Autopsy studies suggest that Wernicke-Korsakoff Syndrome (WKS) is not a rare disorder, particularly in individuals who abuse alcohol. Thiamine has been established as the treatment of choice for over 50 years, but there is uncertainty about appropriate dosage and duration. Current practice guidelines are based on case reports and clinical experience.
To determine the quality of evidence for the efficacy of thiamine in preventing and treating the manifestations of WKS as a consequence of alcohol excess, and if so in which form it should be given, at what dose and for how long.
The Specialized Register of the Cochrane Dementia and Cognitive Improvement Group (CDCIG), The Cochrane Library, MEDLINE, EMBASE, PsycINFO, CINAHL and LILACS were searched on 22 January 2008 using the terms: thiamin* OR aneurin*. The CDCIG Specialized Register contains records from all major health care databases (The Cochrane Library, MEDLINE, EMBASE, PsycINFO, CINAHL, LILACS) as well as from many trials databases and grey literature sources.
The search in August 2005 retrieved no new studies for inclusion; the latest search of January 2008 retrieved one possible study for inclusion, which was excluded.
All randomized trials in which treatment with thiamine or thiamine-containing products was administered and compared with alternative interventions for people with, or at risk of developing, WKS secondary to alcohol abuse.
Data collection and analysis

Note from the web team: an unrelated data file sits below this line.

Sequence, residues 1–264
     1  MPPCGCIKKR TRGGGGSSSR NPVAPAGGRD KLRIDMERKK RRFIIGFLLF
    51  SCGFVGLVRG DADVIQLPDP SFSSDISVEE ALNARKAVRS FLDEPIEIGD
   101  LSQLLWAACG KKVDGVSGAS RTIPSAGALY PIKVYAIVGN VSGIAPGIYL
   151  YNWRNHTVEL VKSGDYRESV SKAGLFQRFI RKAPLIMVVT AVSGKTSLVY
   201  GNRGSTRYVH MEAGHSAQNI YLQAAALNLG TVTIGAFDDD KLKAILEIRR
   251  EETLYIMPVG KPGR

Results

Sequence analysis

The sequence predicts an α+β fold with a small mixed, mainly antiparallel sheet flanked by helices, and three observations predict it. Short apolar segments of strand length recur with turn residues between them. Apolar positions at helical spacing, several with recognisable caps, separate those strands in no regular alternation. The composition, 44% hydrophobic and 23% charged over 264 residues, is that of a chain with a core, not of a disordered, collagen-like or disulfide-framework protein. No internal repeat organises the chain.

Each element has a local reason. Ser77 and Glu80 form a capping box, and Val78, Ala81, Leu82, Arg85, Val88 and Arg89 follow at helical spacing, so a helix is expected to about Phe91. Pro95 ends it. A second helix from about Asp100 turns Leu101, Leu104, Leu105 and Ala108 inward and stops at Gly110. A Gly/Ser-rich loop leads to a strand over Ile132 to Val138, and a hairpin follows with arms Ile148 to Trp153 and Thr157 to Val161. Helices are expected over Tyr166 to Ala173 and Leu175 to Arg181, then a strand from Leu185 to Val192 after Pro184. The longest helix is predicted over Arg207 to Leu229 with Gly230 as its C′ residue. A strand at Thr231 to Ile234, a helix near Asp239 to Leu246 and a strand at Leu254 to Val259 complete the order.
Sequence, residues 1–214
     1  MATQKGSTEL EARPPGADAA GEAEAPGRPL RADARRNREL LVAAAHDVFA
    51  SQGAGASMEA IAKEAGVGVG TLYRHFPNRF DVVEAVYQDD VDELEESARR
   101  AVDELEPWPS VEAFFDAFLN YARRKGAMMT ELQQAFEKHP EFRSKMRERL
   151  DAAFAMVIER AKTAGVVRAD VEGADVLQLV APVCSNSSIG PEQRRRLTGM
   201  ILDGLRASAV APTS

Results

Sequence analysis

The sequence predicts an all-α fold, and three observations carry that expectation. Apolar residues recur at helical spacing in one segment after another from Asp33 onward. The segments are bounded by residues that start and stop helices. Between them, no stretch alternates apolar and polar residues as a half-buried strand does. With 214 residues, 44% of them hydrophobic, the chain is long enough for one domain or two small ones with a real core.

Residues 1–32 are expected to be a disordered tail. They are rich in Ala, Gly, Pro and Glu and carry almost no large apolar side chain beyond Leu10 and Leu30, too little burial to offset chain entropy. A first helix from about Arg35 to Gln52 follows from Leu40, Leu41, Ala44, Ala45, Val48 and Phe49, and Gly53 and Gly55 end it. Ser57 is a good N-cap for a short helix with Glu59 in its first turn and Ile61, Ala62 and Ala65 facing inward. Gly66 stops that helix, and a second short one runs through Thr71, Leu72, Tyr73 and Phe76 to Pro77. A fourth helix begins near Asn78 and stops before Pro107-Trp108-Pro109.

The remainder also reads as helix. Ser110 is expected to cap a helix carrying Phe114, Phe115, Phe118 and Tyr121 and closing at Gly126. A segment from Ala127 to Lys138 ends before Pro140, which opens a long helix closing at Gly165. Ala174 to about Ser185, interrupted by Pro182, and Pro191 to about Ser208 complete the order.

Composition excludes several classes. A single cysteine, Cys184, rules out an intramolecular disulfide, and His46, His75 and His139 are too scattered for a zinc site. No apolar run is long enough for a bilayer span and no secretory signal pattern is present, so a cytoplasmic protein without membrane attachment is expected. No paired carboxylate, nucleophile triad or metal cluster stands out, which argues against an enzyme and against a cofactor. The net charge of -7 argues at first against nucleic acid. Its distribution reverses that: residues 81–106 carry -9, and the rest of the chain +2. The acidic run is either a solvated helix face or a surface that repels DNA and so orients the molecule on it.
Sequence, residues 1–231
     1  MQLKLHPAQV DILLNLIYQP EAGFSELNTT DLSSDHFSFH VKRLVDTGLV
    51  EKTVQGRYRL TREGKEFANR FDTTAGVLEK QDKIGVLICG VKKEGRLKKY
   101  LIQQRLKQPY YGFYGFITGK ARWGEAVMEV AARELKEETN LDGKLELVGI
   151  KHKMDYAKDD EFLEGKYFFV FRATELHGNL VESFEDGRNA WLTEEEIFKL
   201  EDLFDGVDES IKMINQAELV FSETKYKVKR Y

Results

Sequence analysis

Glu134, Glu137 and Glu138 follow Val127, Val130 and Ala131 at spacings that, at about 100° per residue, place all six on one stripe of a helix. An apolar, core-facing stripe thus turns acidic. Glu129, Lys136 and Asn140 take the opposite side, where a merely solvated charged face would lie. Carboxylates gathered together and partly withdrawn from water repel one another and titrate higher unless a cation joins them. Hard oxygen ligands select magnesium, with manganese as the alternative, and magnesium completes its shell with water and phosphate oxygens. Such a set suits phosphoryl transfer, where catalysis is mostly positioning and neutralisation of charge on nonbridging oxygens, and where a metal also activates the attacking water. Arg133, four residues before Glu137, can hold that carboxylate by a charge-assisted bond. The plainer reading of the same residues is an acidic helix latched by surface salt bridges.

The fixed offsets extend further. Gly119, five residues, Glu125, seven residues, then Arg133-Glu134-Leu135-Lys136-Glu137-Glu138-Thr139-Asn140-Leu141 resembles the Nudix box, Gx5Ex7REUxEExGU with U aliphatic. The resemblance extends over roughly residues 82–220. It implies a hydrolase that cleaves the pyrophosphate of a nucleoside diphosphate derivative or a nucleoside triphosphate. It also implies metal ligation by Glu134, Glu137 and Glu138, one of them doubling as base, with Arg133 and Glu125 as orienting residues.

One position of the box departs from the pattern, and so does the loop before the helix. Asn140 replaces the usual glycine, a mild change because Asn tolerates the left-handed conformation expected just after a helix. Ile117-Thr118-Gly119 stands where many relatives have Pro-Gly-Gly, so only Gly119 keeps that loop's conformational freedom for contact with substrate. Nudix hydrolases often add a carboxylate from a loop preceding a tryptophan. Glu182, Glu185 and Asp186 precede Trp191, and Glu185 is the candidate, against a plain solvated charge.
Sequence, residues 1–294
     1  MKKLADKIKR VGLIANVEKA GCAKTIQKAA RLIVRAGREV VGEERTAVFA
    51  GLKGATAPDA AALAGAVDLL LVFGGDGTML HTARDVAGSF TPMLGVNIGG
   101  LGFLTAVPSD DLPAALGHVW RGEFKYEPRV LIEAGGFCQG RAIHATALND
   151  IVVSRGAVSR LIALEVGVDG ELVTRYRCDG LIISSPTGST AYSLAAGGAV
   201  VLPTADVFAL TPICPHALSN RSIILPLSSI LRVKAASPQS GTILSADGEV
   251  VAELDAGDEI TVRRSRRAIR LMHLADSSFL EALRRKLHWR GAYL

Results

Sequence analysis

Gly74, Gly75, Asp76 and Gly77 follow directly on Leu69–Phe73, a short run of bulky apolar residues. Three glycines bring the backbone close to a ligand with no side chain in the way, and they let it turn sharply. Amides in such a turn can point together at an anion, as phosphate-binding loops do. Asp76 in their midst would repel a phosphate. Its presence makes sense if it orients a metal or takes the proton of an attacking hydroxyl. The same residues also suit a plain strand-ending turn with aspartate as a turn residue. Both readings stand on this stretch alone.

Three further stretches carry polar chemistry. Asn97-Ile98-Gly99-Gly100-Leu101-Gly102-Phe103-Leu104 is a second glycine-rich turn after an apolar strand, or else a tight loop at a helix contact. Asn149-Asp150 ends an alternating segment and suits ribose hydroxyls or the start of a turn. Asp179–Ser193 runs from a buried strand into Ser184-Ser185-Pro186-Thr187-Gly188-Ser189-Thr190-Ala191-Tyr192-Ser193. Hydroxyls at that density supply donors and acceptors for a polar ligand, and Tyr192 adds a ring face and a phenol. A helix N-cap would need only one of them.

All abstracts were independently inspected by two reviewers (ED & PB) and relevant papers were retrieved and assessed for methodological quality using Cochrane Reviewers' Handbook criteria.
Two studies were identified that met the inclusion criteria, but only one contained sufficient data for quantitative analysis. Ambrose (2001) randomized participants (n=107) to one of five doses of intramuscular thiamine and measured outcomes after 2 days of treatment. We compared the lowest dose (5mg/day) with each of the other four doses. There was a significant difference in favour of the 200 mg/day compared with the 5 mg/day dose in the number of trials taken to reach criterion on a delayed alternation test (MD -17.90, 95% CI -35.4 to -0.40, P=0.04). No significant differences emerged in comparing the other doses with 5 mg/day. The pattern of results did not present a simple dose-response relationship. The study had methodological shortcomings in design and the presentation of results that limited further analysis.
There is insufficient evidence from randomized controlled clinical trials to guide clinicians in the dose, frequency, route or duration of thiamine treatment for prophylaxis against or treatment of WKS due to alcohol abuse.